(Closed) Crazy and un-empathetic SIL

posted 1 month ago in Relationships
Post # 2
801 posts
Busy bee

mrsintravert :  

“how the heck am I supposed to deal with her?”

You ignore her when she is like this, and you stubbornly refuse to acknowledge, let alone give into, unreasonable requests.

People like this are self-centred and they are bullies about it. They are SO much worse when you give into them or try to placate or pacify them. They know deep down they are being unreasonable, and when you give in to them, they lose all respect for you, which makes them push the envelope even more.

It’s a vicious cycle, and it comes from very low self-esteem. Unless people are dancing attendance upon them, they feel unloved and unworthy. It’s terribly sad really – you should have compassion for her, but the last thing you should do is try to accommodate her requests or to understand them or reason with her. I can see you have fallen into that trap, because you are trying to justify your own decisions and actions, when you have no need to do so.

It does take strength and backbone from your side, but you have to figure out how to speak your truth to her in a kind but firm way and then stick by it. Ignore her tantrums. I can assure that when she figures out she will not get any mileage out of you, she will stop all of this or move on.

I wouldn’t even reply to texts asking about the things you said she’s asked about. Her attitude would make me involve her less in my life, not more.

Post # 3
328 posts
Helper bee
  • Wedding: September 2020

It sounds like you guys come from very different places culturally and have different expectations of family members. For example, I’m an extreme introvert, but I do like to hear what’s going on in my family (including SO’s family) members’ lives. In the same situation as your SIL, I would’ve wanted to hear it from you, but even just a text would have made me happy. On the other hand, I don’t think it’s rude to decide what time we’re going to dinner. We’re all a little different and it sounds like, on top of things, your SIL is really sensitive. She also probably really wants to feel like part of the family and feel liked, so when she irrationally feels snubbed, she handles it poorly and acts dramatically. Maybe she envisioned being good friends with you, but clearly doesn’t have the social skills or dedication to do the work to build a relationship with you and is now bitter. I’m sorry she’s making you feel so badly. I think it might help to see it as her being insecure and not handling it well and just be the bigger person and cut her a little slack – or at least just accept she is the way she is. Sorry you have to deal with this!

Post # 4
286 posts
Helper bee

1. I would be upset if my SIL couldnt go to effort of texting me or her brother to let them know they had gotten engaged.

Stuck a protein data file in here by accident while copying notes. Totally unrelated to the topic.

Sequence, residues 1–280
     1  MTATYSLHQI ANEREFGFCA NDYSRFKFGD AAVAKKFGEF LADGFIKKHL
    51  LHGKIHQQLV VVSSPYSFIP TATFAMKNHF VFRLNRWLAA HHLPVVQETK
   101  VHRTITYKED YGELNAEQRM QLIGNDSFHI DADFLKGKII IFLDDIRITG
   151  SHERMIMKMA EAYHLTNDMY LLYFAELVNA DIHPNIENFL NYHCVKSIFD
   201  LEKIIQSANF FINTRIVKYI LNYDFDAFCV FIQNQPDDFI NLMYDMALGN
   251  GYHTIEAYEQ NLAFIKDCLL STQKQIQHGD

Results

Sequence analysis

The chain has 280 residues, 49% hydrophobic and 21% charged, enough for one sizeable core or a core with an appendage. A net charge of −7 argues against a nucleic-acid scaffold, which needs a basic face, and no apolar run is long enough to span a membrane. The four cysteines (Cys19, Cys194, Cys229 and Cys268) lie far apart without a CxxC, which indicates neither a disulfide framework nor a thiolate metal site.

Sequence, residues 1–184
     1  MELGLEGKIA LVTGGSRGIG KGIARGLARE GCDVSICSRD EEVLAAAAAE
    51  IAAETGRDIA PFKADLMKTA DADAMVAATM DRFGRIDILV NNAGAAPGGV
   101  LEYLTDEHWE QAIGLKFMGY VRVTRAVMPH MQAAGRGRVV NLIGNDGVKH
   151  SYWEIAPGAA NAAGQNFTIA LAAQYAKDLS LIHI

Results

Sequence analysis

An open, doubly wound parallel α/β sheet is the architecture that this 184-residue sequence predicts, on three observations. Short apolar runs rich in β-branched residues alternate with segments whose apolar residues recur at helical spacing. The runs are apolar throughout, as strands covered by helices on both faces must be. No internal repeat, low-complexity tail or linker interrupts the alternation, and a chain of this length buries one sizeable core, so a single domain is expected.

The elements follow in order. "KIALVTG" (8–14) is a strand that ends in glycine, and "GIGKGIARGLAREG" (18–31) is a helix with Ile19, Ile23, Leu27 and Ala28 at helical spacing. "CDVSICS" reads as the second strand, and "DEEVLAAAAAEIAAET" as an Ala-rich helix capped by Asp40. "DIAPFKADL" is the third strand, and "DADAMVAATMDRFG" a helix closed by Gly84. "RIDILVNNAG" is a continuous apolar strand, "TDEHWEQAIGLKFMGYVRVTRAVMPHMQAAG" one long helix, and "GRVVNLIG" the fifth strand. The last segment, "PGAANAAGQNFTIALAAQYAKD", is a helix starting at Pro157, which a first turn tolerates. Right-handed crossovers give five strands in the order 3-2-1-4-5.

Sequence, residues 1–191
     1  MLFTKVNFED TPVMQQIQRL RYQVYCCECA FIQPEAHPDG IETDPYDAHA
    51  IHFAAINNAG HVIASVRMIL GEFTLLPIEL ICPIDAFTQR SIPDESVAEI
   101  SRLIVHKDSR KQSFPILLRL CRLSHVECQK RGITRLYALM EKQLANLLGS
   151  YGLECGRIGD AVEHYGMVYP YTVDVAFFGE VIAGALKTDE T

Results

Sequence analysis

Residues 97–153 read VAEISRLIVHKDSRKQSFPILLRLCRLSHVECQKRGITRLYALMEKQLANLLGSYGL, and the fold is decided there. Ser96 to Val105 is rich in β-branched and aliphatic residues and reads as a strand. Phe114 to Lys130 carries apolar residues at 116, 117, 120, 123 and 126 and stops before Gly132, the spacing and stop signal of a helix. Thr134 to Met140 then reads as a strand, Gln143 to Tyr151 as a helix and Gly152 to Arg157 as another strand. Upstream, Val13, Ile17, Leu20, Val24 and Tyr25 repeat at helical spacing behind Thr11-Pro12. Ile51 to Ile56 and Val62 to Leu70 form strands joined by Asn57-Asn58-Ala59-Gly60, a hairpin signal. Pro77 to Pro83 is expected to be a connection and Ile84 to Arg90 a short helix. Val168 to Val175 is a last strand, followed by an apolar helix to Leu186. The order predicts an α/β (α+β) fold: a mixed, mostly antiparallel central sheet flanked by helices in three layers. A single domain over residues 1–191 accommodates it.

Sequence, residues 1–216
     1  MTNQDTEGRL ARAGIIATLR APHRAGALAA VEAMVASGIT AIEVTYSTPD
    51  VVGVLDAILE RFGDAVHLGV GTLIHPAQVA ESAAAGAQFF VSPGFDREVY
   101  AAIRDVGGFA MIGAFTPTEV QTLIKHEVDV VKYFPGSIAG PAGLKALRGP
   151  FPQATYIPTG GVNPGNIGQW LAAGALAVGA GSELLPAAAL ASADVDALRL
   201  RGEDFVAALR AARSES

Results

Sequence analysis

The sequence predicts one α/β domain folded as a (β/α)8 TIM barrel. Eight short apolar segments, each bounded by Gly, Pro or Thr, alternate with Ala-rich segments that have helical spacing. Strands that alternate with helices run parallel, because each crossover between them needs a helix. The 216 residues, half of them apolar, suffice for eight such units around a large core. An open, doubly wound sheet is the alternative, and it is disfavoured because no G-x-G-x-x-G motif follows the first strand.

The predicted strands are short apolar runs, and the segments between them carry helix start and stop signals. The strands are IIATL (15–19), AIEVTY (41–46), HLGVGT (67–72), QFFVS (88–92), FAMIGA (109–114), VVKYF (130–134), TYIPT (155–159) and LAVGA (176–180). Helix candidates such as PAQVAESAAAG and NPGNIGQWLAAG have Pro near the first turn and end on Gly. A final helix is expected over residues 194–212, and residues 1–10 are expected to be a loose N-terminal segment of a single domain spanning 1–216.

2. I, like your SIL, would also be selective in who is minding my child, regardless of who is paying.

3. The dinner example is a bit strange. Surely you check with her what time suits yo go to dinner if you have plans to eat together, or you tell her what time you are eating at and INVITE her to join you if it suits, not TELL her she is eating 


The rest is…..  I just dont know…🤷‍♀️

Post # 5
8580 posts
Bumble Beekeeper

mrsintravert :  

l have to agree with 

pocahontas28 :  above, in that not telling her you got engaged  is potentially hurtful to anyone with a halfway normal relationship with their sibling . I got too confused over the babysitting stuff to know what to think sorry. And as for the dinner thing, asking someone what time suits them is, you know, just normally polite. Even if you are inviting them to dinner at your house, it reasonable to say ‘we are thinking to eat at 7’ or whatever and to be a bit mindful of people’s schedules. 

idk OP, it all sounds a bit storm in a teacup ish to me, and mostly brought about by your own insistence on your introverted nature being the guideline for everybody to abide by. She may not be the best sil in the world, but nothing you have detailed makes her ‘crazy’. And, speaking of empathy, as you were, where is yours for her, if you really think she’s ‘crazy’. 

Post # 6
139 posts
Blushing bee

“True introverts do not care so much about others telling you what is going on in their lives, especially if you don’t even make it a point to hang out with them!” – This is not at all true. An introvert is defined as, a person predominantly concerned with their own thoughts and feelings rather than with external things. That does not mean they don’t care about others or their relationship with others.


I agree with a PP that I would have been upset that her/your brother was not told of the engagement via text etc. If it is a sibling you are close enough have a “normal” relationship with they should have been told. I’m not one for having to call cousins/aunts that you wouldn’t normally call but someone in your more immediate family that you are in communication with is a bit different.